factual disputes, including matters of witness credibility.
See Black & Decker Corp. v. United States, 436
F.3d 431, 442 (4th Cir. 2006); Dennis v. Columbia
Colleton Med. Ctr., Inc., 290 F.3d 639, 644-45 (4th Cir.
defendant argues that the Agreement was terminated, at the
latest, in May 2015, and that therefore plaintiffs'
claims as to a breach of contract occurring in and after
November 2015 must fail because no contract existed at that
time. ECF 20-1 at 1-4. Justin C. Snapp, the Managing
Principal of IBN, avers in his Affidavit that on February 4,
2015, IBN, through Snapp, terminated the Agreement with
Allred and memorialized the termination in a letter emailed
to Allred on February 10. ECF 20-2, ¶¶ 6, 7.
Because the Agreement contained a termination period of 90
days, which was never waived by plaintiffs, Snapp maintains
that the Agreement terminated on May 5, 2015. Id.
argue that this timeline omits a vital element of the
parties' history. ECF 22 at 4. In particular, plaintiffs
contend that about a week after Snapp corresponded with
Allred concerning a termination of the Agreement, Snapp
reopened negotations to continue the parties'
relationship. See ECF 22 at 4-5; see also
ECF 22-1 at 1 (email chain between Allred and Snapp).
Moreover, the Allred asserts in his Affidavit that the
parties never actually terminated the Agreement during the
relevant period, and that the relationship continued under
the same Agreement until at least March 2016. ECF 22-12,
Reply, IBN insists that the Agreement did terminate,
and that the relationship continued under a different
contract. ECF 27 at 3. IBN maintains that by acknowledging
receipt of Snapp's letter announcing the termination of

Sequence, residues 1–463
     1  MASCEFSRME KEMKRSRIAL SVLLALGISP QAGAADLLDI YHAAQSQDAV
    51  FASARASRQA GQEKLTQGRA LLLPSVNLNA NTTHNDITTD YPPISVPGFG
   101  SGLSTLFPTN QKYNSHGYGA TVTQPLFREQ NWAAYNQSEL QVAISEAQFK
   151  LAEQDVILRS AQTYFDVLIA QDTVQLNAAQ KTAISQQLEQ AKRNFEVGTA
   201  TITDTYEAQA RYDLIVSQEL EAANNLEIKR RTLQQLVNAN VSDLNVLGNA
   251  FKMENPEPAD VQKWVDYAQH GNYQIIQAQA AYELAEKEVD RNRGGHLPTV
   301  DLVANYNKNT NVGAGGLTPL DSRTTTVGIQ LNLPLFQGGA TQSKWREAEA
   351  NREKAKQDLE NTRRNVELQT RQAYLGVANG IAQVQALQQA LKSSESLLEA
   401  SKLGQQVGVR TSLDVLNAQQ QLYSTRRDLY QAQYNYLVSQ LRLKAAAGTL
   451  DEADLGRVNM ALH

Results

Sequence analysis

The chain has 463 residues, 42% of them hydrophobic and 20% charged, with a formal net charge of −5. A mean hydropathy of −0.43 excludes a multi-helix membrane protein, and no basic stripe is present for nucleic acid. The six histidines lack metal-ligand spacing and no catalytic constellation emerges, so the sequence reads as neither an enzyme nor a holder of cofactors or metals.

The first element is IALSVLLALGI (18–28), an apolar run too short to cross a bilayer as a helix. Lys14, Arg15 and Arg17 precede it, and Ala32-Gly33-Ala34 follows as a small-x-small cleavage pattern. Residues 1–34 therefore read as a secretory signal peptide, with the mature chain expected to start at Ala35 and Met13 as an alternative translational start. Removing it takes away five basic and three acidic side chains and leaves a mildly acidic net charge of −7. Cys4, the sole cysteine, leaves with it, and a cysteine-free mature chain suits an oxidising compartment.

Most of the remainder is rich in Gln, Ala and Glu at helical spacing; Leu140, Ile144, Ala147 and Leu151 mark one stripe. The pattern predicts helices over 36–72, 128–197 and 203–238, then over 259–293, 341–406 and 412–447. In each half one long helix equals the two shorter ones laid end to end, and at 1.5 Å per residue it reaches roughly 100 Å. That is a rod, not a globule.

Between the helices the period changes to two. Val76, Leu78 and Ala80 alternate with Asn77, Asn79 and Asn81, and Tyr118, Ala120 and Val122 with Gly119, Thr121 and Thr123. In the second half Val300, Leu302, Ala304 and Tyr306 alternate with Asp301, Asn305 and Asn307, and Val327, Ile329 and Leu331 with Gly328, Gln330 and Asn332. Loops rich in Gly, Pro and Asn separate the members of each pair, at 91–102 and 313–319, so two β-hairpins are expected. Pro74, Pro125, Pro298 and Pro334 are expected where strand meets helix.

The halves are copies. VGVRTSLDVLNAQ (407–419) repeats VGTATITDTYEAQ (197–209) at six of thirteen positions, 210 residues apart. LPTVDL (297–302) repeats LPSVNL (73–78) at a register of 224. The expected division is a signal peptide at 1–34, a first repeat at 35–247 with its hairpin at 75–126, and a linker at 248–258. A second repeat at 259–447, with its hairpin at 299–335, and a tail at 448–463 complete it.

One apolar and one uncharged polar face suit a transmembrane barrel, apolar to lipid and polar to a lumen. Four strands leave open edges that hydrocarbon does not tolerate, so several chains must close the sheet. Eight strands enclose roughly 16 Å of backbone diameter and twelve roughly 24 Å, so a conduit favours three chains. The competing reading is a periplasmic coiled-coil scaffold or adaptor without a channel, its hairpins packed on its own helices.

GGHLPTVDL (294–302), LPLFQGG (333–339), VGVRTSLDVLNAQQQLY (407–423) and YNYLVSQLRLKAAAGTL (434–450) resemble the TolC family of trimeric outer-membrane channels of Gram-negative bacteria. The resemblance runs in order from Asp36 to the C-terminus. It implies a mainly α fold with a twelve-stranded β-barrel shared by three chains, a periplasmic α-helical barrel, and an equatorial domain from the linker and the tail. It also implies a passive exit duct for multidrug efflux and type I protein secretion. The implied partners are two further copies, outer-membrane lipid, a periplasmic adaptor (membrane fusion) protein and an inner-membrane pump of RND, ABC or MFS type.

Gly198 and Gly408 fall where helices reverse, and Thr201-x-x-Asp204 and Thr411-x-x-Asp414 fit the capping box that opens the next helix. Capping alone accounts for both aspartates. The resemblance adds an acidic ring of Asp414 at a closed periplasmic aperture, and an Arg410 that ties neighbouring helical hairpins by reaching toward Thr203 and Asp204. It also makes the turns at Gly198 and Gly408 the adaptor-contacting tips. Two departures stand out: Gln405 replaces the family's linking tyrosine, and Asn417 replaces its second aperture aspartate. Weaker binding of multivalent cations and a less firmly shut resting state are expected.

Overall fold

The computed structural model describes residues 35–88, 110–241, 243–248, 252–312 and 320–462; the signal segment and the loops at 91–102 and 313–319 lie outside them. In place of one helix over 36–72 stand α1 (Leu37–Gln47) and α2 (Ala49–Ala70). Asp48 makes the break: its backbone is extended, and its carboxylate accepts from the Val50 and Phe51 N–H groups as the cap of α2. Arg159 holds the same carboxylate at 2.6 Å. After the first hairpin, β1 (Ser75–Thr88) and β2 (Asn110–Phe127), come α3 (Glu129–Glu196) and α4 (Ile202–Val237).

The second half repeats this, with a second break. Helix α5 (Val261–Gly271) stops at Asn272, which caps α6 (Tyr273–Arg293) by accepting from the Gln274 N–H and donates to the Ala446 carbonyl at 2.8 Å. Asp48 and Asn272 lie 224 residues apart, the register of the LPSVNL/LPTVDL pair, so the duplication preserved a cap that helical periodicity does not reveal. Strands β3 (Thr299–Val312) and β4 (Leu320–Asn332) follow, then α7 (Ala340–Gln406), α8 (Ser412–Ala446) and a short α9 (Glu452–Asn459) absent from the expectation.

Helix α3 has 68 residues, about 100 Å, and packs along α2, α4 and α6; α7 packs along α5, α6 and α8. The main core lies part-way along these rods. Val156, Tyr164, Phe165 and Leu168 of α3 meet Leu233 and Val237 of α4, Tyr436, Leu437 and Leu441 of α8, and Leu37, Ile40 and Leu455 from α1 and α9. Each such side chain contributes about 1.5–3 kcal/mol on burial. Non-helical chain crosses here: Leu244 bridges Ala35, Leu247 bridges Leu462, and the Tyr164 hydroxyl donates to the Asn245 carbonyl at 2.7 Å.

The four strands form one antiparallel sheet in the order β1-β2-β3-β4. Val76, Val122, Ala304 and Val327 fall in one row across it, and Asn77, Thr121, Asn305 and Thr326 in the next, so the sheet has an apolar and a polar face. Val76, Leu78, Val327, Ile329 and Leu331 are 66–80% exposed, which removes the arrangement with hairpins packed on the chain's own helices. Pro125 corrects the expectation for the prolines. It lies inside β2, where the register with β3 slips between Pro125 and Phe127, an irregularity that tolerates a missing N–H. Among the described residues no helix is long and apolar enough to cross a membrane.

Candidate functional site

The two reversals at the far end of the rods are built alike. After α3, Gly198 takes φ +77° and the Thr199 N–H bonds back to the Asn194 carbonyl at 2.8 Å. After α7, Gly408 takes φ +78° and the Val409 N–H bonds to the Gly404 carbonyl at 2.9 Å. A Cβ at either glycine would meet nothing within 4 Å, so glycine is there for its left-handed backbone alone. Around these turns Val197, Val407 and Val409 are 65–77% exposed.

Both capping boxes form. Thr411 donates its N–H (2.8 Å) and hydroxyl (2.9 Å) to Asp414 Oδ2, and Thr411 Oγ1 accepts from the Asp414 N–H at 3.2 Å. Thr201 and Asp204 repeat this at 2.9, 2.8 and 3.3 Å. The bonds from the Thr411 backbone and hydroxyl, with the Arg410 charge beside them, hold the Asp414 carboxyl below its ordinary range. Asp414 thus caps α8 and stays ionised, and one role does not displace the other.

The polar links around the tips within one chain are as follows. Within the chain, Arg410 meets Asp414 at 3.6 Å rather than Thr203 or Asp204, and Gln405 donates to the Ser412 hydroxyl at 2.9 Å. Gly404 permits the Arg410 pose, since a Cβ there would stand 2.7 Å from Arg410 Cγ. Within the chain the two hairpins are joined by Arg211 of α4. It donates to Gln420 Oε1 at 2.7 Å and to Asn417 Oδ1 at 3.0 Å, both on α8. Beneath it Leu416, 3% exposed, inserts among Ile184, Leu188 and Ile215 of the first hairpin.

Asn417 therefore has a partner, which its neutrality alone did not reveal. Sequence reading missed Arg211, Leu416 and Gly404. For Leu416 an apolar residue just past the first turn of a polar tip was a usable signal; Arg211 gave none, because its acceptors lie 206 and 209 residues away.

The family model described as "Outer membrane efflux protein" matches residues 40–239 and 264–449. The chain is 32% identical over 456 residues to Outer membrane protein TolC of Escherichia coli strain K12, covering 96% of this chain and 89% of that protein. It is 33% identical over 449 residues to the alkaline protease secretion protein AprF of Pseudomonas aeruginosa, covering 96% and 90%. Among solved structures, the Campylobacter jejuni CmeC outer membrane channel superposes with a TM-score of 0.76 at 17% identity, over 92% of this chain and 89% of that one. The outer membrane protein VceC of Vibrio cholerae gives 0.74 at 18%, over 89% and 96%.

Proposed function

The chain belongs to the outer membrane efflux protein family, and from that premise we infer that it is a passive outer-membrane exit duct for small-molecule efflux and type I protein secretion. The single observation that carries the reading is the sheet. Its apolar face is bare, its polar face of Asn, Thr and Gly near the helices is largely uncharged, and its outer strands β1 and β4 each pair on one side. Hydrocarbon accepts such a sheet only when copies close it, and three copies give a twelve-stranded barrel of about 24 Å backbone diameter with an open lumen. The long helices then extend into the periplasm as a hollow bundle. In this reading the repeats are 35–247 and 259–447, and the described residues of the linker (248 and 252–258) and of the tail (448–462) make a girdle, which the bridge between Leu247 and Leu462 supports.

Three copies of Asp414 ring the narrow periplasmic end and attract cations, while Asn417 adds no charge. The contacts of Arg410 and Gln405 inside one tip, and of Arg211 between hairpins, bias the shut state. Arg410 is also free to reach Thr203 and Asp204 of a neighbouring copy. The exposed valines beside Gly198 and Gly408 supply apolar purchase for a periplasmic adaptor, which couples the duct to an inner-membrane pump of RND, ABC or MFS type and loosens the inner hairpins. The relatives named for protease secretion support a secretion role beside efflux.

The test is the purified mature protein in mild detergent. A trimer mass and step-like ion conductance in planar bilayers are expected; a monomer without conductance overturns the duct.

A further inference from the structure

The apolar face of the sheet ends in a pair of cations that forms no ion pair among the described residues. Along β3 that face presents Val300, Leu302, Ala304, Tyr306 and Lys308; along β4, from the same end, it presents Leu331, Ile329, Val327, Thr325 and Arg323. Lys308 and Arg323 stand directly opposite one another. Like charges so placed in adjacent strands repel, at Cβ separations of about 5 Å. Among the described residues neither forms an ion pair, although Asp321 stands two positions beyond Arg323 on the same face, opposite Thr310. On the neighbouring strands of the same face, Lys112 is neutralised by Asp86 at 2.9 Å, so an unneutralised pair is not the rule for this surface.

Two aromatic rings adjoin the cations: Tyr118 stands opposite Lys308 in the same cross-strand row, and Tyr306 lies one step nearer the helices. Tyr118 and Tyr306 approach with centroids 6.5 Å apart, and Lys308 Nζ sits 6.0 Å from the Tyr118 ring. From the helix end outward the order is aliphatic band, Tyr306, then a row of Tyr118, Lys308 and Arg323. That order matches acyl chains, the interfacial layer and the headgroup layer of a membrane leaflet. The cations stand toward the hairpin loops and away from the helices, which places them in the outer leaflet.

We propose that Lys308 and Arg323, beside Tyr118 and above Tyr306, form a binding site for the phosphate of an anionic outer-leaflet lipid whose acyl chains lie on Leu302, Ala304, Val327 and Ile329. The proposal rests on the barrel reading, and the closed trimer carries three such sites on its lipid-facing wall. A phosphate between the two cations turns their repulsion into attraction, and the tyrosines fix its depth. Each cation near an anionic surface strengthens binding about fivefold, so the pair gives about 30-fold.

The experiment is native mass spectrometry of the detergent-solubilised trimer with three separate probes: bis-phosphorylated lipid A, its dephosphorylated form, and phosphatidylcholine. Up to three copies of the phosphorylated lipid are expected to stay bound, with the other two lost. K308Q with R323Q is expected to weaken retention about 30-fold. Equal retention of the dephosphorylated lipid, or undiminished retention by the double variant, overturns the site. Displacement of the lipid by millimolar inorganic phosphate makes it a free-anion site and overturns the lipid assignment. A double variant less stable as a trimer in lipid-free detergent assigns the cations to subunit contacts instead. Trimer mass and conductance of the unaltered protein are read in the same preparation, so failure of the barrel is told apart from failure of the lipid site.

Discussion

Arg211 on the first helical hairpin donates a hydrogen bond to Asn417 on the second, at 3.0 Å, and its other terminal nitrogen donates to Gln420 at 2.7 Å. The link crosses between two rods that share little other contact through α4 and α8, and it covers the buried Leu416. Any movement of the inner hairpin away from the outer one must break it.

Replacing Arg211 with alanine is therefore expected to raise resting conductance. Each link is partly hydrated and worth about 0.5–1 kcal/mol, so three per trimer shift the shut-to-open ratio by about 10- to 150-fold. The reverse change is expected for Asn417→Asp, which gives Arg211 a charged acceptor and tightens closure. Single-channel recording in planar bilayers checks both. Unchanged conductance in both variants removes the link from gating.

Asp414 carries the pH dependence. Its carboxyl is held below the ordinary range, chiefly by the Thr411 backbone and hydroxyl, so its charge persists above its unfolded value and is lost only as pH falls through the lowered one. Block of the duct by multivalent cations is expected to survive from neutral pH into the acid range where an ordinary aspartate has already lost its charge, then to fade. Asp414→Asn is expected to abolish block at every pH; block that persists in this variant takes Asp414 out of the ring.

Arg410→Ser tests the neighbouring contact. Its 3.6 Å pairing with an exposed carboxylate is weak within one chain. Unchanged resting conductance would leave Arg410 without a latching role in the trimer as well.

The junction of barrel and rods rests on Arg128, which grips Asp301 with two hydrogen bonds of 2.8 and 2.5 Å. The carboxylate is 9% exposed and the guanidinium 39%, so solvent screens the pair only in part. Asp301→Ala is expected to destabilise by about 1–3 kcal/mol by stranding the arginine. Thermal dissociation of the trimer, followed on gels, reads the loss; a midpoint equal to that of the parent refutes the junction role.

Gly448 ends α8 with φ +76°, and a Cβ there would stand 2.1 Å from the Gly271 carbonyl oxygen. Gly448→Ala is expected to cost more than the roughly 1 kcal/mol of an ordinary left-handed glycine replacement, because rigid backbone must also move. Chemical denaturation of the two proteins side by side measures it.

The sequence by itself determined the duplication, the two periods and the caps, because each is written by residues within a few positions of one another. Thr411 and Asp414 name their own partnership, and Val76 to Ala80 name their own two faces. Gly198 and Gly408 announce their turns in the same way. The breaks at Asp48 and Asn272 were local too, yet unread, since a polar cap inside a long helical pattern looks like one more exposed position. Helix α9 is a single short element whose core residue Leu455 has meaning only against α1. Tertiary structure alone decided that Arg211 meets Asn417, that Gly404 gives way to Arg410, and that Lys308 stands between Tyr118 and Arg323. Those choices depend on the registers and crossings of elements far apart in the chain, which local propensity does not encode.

the contract, plaintiffs concede that the Agreement was
terminated. Id. at 2-3. IBN is mistaken. In light of
Allred's Affidavit, plaintiffs clearly dispute this
point. See ECF 22-12, ¶¶ 2. Moreover, the
language of the Agreement seems to indicate that termination
is effective after 90 days' notice, but nothing in the
termination clause suggests that such a notice of termination
is irrevocable. See ECF 13-1 at 2.
it is apparent that there is a genuine dispute of material
fact regarding whether the Agreement remained in force after
May 5, 2015. As a result, I cannot grant IBN judgment as a
matter of law. See Harmoosh, 848 F.3d at 238.
note that, as plaintiffs point out, discovery had not yet
begun when the Motion was filed. See Docket; see
also ECF 22 at 6-7. Indeed, it is still ongoing.
See ECF 34. Thus, even if I had not found a dispute
of material fact as to this question, I would not be inclined
to grant summary judgment at this early stage. See E. I.
du Pont de Nemours & Co. v. Kolon Indus., Inc., 637
F.3d 435, 448 (4th Cir. 2011). What the Court said in
McCray v. Maryland Dep't of Transp., Maryland Transit
Admin., 741 F.3d 480, 483 (4th Cir. 2014), is apt here:
“Summary judgment before discovery forces the
non-moving party into a fencing match without a sword or
reasons stated above, I shall DENY ...